My Answer: Here’s what we are talking about. The passion of First Fruits of Zion is to help folks to understand Jesus as someone within Judaism, not outside of it. And the same goes for Paul. We don’t think either of them sought to start a new religion. In fact, if you asked Paul, or Peter, or James, or John, or any of the disciples what their religion was as they were writing the New Testament, I think they would have told you that their religion was Judaism, and that within Judaism Jesus was their Messiah, King, and Redeemer. In other words, these guys were basically living out a “Jesus-centered Judaism.” Does that make sense?

Christian Leader: Actually, yes, that makes a lot of sense. This is interesting. I have been curious about this topic, but I’ve never really connected with anyone like you guys to explore it.

My Answer: Well, it is a pleasure to connect with you. And we want to help you with this process however we can. That’s why we are here. We really think that knowing Jesus and the entire Bible within its Jewish context is critical for us as the body of Christ if we are going to move forward. Our goal is to help the church to re-think some of these issues in a respectful way so that we can all move closer and closer to what Yeshua had in mind when he talked about the “kingdom of heaven.”

Some conversations went on from there as this topic served as a “catalyst” for all kinds of questions in the minds of many of these leaders. One awesome highlight was after the conference when two young leaders from out of state actually came to my synagogue in Atlanta on Shabbat because we met at the FFOZ booth! For the first time ever, they got a taste of Messianic Judaism. And they loved it and want more. In fact, they want to come back to Atlanta in a few months when we have a special seminar at my synagogue on the book of Revelation featuring Daniel Lancaster. Exciting stuff!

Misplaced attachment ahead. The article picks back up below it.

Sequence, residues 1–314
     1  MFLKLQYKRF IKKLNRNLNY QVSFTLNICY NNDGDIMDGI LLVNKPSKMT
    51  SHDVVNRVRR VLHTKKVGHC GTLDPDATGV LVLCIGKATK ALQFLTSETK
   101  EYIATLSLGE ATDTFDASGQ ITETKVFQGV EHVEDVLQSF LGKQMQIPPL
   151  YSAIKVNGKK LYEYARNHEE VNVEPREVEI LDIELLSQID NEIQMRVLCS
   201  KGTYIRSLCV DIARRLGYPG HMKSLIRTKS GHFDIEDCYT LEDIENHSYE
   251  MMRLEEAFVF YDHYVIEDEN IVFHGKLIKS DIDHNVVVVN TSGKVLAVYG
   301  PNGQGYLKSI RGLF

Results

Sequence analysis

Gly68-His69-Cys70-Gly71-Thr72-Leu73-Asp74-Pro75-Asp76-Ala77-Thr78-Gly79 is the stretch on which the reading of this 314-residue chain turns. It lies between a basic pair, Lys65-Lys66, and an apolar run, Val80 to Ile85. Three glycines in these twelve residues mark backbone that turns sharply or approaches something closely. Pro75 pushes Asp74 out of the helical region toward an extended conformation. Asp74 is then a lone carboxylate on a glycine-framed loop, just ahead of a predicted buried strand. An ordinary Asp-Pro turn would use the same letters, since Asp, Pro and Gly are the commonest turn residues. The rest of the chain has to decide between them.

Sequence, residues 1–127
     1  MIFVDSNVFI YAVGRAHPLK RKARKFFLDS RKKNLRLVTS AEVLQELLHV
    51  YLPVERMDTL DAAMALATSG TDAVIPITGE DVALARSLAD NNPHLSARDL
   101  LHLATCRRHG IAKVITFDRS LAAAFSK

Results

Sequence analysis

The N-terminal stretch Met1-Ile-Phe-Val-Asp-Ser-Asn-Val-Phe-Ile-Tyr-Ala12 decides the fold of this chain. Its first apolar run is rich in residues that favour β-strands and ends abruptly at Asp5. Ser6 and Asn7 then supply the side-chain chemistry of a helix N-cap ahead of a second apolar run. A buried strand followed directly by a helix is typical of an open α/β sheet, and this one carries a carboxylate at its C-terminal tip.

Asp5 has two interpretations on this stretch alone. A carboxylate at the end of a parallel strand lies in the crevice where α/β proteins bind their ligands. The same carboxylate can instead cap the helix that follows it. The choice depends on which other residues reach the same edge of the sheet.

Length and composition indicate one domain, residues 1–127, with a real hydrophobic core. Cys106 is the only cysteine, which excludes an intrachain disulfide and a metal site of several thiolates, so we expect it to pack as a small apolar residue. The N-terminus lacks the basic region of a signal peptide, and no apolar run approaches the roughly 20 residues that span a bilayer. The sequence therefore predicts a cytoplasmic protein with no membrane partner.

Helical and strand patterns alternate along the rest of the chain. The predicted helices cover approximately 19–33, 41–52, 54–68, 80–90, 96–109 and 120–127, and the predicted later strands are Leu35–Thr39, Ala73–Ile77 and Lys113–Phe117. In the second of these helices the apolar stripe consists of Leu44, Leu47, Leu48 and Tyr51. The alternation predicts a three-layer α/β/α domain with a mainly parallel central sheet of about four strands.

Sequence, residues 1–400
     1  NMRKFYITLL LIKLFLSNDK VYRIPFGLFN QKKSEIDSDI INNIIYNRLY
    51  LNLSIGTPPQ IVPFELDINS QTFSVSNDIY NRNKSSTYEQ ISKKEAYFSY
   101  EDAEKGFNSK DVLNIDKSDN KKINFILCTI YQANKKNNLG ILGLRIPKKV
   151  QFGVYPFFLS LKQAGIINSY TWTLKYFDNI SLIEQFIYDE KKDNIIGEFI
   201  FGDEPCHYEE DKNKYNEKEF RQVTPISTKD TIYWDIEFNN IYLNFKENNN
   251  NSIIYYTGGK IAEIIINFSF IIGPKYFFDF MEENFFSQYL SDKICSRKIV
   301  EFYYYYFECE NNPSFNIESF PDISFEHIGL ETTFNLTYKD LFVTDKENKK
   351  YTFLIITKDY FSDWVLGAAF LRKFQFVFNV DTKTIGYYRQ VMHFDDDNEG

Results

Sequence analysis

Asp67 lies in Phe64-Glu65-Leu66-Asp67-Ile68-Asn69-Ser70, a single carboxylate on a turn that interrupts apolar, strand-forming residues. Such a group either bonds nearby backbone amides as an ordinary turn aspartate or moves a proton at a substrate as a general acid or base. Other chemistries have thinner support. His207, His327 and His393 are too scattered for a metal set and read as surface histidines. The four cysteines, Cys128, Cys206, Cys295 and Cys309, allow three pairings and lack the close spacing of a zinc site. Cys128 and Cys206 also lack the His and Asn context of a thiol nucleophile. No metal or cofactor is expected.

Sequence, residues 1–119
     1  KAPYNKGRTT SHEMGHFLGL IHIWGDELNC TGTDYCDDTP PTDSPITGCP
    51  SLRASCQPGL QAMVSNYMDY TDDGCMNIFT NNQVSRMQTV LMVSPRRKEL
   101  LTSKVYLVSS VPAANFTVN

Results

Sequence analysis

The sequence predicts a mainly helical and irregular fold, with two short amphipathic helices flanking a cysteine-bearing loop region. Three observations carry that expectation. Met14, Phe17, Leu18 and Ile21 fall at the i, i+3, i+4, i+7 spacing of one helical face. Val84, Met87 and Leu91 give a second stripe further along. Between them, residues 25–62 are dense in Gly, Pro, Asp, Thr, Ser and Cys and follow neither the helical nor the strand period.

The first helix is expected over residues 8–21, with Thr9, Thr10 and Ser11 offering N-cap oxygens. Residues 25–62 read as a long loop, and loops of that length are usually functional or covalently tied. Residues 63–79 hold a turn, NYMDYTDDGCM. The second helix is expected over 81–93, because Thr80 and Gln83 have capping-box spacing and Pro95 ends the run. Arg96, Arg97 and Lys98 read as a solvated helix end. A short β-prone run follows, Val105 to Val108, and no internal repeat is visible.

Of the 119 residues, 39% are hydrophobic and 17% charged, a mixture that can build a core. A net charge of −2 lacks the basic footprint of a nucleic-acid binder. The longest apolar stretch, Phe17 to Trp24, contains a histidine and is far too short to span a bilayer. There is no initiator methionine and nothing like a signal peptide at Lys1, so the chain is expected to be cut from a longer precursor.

I want to sum up this article with a few points:

  1. When introducing Christians to Messianic Judaism and/or the Jewish roots, it is important and helpful to clarify that you are not talking about salvation. We are in agreement that salvation is in Jesus alone. What we are talking about is how to live as disciples of Jesus as redeemed people, with Jesus as our Rabbi and King and the Torah serving its rightful place in the role of discipleship. If you don’t make this clear at the outset, many Christians are going to think that you are talking about earning your salvation and they may not really hear anything else you are saying.
  2. There are many Christian leaders out there who are looking for a connection to a solid source for Messianic Jewish teaching. But we can’t wait for them to find us. We have to go find them. This makes it all the more important for First Fruits of Zion to be at venues like Catalyst.
  3. For those of you who are FFOZ Friends, it is your financial support that makes it possible for us to be at events like Catalyst. I want to thank you for standing with us. And for those of you who are not FFOZ Friends, please consider becoming one. Our FFOZ Friends are helping us to do many things including carrying our vision forward into new frontiers such as we did at the Catalyst Conference. Also, FFOZ Friends receive many outstanding benefits and resources that enrich their lives as disciples of Yeshua.

More info about FFOZ Friends here.

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About the Author: Ryan Lambert is the Director of Outreach for First Fruits of Zion. He connects with pastors and leaders so that FFOZ can better serve the church and the Messianic Jewish movement in the area of Messianic Judaism and the Jewish roots of the faith. More articles by Ryan Lambert